Product Development March 10, 2020

A product idea I've been working on has successfully launched on Product Hunt today

Tony Maguire @TonyMaguire

Hi all,

I've been really excited to solve a pretty simple problem. I haven't been working on my product for very long, only 2 months, but it's not too far off being shipped.

Today, I saw a product that solves the exact problem with nearly an identical implementation. It's crazy just how close their product is to mine, both UI-wise and functionality-wise.

I do feel a bit like my world has come crashing down. Launching on PH and getting 1k+ votes - it makes me feel like there's no point in even launching my product. I know the normal reaction is to launch something better, but they're solving the problem really well. The only feature I'd have over them is something pretty minor.

Has anyone experienced this? If so, how do you pick yourself up?

So shit... :(

EDIT: Thanks everyone, your comments have definitely picked me up. Really appreciate it all. As much as I know that this validates my idea, it's still a gut punch, but to anyone facing this issue, even if a competitor does well on ProductHunt, that's a teeny tiny percentage of potential users, so don't sweat it too much.

  1. 8

    note to self

    I am building yet another To-do list / TaskManagement app. WHY? I think everything else is very complicated for me, just too many bells and whistles. so I promised myself - I will build something that I like using, for myself, and I will do it with love. And I am betting there are enough people in the world that will use my product.

    The point is this. If there is another product that is doing exactly the same thing as yours and they are doing well - that's usually a good sign. That means lots of people have a problem that your product solves, and there is always space for additional products that people want to try out.

    1. 1

      Thanks for your comment!

  2. 6

    Happened with me very early in the development so I just abandoned and started using that product instead. But I suggest you to look differently at it: how many different vodka brands do you see in a liquor shop? In mine it's like 20+, and every year someone has a brilliant idea of launching yet another one :-)

    Depending on your market size there might be enough room for both of you. Half of the world population is connected to the internet, I am sure you can find customers too. That is, if you believe in your product and are willing to work on it.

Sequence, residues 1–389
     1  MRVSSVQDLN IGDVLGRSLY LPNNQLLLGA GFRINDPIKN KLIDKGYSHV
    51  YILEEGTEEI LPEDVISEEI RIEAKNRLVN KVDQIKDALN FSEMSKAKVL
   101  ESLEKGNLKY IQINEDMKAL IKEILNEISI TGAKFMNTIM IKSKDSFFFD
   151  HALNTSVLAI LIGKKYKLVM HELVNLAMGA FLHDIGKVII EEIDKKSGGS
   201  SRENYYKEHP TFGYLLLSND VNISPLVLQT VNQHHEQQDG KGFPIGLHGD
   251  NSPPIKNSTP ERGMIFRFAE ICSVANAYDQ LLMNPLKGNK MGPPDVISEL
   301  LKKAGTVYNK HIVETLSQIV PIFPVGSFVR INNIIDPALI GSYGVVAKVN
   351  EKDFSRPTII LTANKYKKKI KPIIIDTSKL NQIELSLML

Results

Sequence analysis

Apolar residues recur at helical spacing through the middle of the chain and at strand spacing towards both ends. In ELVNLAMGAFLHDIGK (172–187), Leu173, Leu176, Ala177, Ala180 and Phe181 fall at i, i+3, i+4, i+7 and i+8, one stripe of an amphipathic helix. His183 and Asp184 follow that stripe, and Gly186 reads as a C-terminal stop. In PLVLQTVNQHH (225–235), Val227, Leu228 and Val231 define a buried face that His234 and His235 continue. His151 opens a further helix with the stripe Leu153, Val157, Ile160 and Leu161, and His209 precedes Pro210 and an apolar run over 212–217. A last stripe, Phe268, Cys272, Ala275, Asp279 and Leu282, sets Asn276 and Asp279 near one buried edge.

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      Thanks for your comment :)

  3. 5

    yes. yes, and yes. i feel this, even after many, many years of building software and launching products!

    but, what i've learned is that it doesn't matter what your so-called competition is doing... it matters what YOU are doing. it's not even about out-executing them either... you'll hear a lot of folks say that too.

    you have a unique opinion about the world and what's broken in it. you owe it to yourself to, at the very least, scratch that itch. if you don't build a billion dollar company... that's okay, you'll learn a fuckton about yourself in the process.

    the exercise is a mental one. it's not really about your competitor(s)... this is about you, as a builder and creator. do you follow this instinct and curiosity to it's conclusion or do you give up before you've even really started?

    the choice, as they say, is yours.

    good luck! rooting for you. keep going. it's worth it.

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      Thanks so much! I'm going to build my product anyway, at the very least I'll learn something. Thanks for your comment :).

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        awesome. you will. this is more important than it being a "success" sometimes! ... maybe even most times!

  4. 4


    I made Trello before Trello did.

    Unfortunately I gave up when I saw Trello (the real one!). It was a bit smarter, a bit faster, and they had a whole team working on it.

    I totally regret giving up. The internet is huge. Who's to say that somebody using my app would ever have found Trello. Maybe I could've out innovated Trello - there are still features I would've added to my app that aren't in Trello. There are so many ways I could've differentiated and appealed to different niches.